Archaeology, Inca Project in Peru by Amanda Peterson
My name is Amanda Peterson and for a month I had the rare and beautiful opportunity of learning with the Inca Project in Huyro. At the time I was a third year undergraduate student at the University of Arizona. I have always been a woman of many passions, and meeting and tasting the world has been heavily weighted all my life. Even writing this story floods my heart with so much joy.
Returning to the desolate desert city of Tucson after a month in the lush forests of the Sacred Valley has been a bittersweet transition. I cannot tell you I chose Peru or the Inca Project for any specific reason other than my desire to feel something different than the comforts of my little life in Arizona.
I still consider Huyro and my fellow volunteers to be of familial nature. The lines you cross and bonds you build while at Establo – the volunteer house where the Inca Projects volunteers live, have left an unwavering impression on my heart. We would all take turns doing chores around this refurbished barn, whether it was dishes or feeding the chickens. We would spend every Friday sweeping and mopping the entire place, and do not get me started on bathroom duty. But you know it, this life becomes second nature faster than you would imagine.
Since you do not have electricity, you learn to shower at the hottest part of the day, and to cover yourself in bug spray before you step out if you care to avoid being eaten alive. You learn to accept your sweaty, smelly body and those of others around you. You learn to read by candlelight, prepare all the food you eat, and appreciate the little you have there and the lot you have at home. Most importantly, you learn to accept the diverse qualities and lifestyles of the world.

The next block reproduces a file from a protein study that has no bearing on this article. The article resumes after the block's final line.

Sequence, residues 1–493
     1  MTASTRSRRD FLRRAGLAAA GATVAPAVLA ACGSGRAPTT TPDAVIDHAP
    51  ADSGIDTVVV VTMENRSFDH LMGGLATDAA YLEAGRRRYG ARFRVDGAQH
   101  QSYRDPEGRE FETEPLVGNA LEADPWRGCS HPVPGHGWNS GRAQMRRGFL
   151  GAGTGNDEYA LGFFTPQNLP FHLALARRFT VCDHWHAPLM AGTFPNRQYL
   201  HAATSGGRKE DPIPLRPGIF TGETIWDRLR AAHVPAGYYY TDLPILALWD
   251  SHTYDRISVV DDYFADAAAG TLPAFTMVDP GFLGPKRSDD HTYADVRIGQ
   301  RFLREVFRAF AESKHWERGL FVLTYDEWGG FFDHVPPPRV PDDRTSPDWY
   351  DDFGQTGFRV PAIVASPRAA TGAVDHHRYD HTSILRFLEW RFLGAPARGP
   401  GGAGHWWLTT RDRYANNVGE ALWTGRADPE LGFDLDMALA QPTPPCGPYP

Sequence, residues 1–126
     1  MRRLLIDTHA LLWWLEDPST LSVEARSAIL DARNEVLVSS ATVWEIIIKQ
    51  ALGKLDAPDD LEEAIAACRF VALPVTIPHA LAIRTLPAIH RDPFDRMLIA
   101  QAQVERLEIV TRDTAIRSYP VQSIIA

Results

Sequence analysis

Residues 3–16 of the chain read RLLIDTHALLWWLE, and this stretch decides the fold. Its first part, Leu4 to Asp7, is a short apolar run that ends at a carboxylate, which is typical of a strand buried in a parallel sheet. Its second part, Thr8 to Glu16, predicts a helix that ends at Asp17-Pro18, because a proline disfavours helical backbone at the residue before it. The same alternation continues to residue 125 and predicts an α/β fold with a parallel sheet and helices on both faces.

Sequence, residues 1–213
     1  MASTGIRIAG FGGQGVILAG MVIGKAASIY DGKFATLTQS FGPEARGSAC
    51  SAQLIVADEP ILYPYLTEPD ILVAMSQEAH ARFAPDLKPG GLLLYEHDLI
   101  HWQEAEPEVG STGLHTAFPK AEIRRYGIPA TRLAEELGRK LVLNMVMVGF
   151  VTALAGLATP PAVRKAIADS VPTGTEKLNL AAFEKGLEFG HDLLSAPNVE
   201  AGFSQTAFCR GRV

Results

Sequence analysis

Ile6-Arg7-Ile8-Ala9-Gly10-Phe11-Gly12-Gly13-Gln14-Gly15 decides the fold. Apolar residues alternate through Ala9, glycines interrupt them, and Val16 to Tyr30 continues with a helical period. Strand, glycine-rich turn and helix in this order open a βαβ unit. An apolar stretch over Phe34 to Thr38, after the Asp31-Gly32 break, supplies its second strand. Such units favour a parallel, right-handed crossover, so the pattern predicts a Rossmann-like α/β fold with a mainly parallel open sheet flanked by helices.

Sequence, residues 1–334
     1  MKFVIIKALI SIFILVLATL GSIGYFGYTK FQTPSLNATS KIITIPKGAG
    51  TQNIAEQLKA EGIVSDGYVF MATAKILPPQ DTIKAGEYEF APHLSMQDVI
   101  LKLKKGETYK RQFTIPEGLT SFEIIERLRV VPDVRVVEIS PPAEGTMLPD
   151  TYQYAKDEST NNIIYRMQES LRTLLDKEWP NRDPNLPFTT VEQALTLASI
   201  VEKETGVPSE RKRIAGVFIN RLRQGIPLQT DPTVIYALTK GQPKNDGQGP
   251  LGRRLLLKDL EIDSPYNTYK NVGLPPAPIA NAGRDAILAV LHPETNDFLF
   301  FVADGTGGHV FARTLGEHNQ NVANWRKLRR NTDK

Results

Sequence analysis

I’m sure you want to know about the actual volunteer work you do while in the Sacred Valley. For starters, bring working gloves! I was the only person who brought them, and I was the only one without blisters on my hands. You spend most of the days working with machetes, which is good fun for any woman interested in coming out to Peru! We would scale the Andes, or any mountain in close proximity. We had the opportunity to find several ruins that needed a good clearing, including the Inca Trail. Wild brushes were cleared, and the day’s work was very rewarding. You learned what it felt like to really work honestly.
One day, Dan (our supervisor) had us digging trenches to clear the water line in the back. I was thigh high in mud and had to just throw that outfit in the trash because there was no way I was going to bother scrubbing that clean to any avail. And to answer your question yes you do your own laundry and most people do see your undergarments. As I already stated, lines are crossed down there.
So come on down to Huyro, where you’ll learn to live and love, work hard and play harder! Say hello to the dog Mayu for me!